October 21, 2009 at 6:37 pm Leave a comment


The federal appeals court covering the Midwestern USA has issued an opinion affirming that an employee can be fired for misconduct even though he/she is on FMLA leave at the same time.  The case involved an employer who discovered evidence of serious misconduct (e.g. unauthorized purchases and failure to perform work duties) by a company officer.  The discovery was made while the employee was out on FMLA leave and the company decided to discharge him immediately rather than wait to restore the employee from his FMLA leave first.  The court ruled that the employee’s right of restoration was only as great as his right would be while he was not on leave. Because the employer was able to convince the court that the termination would have occurred regardless of the employee’s leave status, there was no FMLA violation.  Note that the FMLA regulations indicate the same is true for layoffs and other types of terminations, provided the employer can show they would have occurred regardless of leave status.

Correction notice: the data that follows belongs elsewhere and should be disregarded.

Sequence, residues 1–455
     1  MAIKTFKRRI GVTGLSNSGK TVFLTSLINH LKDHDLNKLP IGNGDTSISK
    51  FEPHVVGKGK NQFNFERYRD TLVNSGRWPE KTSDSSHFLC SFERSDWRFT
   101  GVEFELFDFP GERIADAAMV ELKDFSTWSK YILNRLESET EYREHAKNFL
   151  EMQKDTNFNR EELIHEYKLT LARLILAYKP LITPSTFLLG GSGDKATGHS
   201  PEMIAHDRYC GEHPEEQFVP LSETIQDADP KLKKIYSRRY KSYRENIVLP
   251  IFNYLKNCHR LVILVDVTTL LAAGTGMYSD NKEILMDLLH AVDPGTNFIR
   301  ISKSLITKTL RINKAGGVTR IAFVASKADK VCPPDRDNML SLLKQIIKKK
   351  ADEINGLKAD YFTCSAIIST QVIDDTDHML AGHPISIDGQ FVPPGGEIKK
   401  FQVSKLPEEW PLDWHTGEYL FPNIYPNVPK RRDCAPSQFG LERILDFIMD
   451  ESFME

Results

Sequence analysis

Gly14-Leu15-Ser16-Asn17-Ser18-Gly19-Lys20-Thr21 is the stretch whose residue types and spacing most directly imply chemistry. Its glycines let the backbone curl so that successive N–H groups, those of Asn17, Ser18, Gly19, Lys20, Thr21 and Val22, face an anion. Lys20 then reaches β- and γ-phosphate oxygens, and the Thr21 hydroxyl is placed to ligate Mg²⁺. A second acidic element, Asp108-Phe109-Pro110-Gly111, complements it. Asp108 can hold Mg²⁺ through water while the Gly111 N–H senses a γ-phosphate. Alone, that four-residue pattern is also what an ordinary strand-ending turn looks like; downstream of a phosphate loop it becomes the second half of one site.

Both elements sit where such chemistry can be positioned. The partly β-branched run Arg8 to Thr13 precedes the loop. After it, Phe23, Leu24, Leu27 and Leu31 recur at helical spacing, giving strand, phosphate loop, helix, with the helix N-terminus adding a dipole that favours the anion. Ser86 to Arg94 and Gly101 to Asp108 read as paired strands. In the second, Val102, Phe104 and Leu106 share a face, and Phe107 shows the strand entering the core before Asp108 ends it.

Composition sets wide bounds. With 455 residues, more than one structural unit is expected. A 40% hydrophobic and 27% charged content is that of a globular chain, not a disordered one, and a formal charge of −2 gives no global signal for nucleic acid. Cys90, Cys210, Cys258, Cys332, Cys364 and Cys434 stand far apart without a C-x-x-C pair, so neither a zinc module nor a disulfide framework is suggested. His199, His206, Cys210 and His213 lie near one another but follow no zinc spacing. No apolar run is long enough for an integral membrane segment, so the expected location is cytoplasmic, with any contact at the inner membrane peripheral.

Acknowledgement and thanks to Mike O’Brien (writer) and Kriss Hess (sender) at the law firm Jones Waldo in Salt Lake City, UT

September 17, 2009 at 7:30 am 9 comments


Although it remains consumed with the debate over health care reform, Congress is also considering a bill that would tie increases in the minimum wage to the federal threshold determining poverty for a family of two.  The bill (the Living American Wage Act of 2009, H.R. 3041) would adjust the minimum wage every four years. Under current economic conditions, the minimum wage established by this bill would be set at $8.20/hour.  A Senate Committee has approved a bill (S 1261) establishing federal security standards that states must follow for issuance of driver licenses and identification cards. A court has upheld the validity of the presidential order requiring federal procurement contractors to use the E-Verify system to verify the legal status of employees.  Finally, the United States Department of Health and Human Services has issued regulations implementing federal requirements that employers and health care providers provide notice to affected individuals of any breach of protected health information. For more information, see:

Acknowledgement and thanks to Mike O’Brien (writer) and Kriss Hess (sender) at the law firm Jones Waldo in Salt Lake City, UT

September 4, 2009 at 12:58 pm 2 comments